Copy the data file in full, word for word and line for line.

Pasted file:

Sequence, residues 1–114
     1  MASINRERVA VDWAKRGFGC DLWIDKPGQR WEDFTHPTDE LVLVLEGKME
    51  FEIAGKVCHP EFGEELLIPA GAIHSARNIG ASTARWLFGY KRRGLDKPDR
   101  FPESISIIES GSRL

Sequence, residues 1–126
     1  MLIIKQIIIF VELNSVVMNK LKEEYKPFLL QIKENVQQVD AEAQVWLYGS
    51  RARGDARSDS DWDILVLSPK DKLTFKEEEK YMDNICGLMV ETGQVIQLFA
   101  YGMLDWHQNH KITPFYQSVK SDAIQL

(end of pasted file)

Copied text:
Sequence, residues 1–114
     1  MASINRERVA VDWAKRGFGC DLWIDKPGQR WEDFTHPTDE LVLVLEGKME
    51  FEIAGKVCHP EFGEELLIPA GAIHSARNIG ASTARWLFGY KRRGLDKPDR
   101  FPESISIIES GSRL

Sequence, residues 1–126
     1  MLIIKQIIIF VELNSVVMNK LKEEYKPFLL QIKENVQQVD AEAQVWLYGS
    51  RARGDARSDS DWDILVLSPK DKLTFKEEEK YMDNICGLMV ETGQVIQLFA
   101  YGMLDWHQNH KITPFYQSVK SDAIQL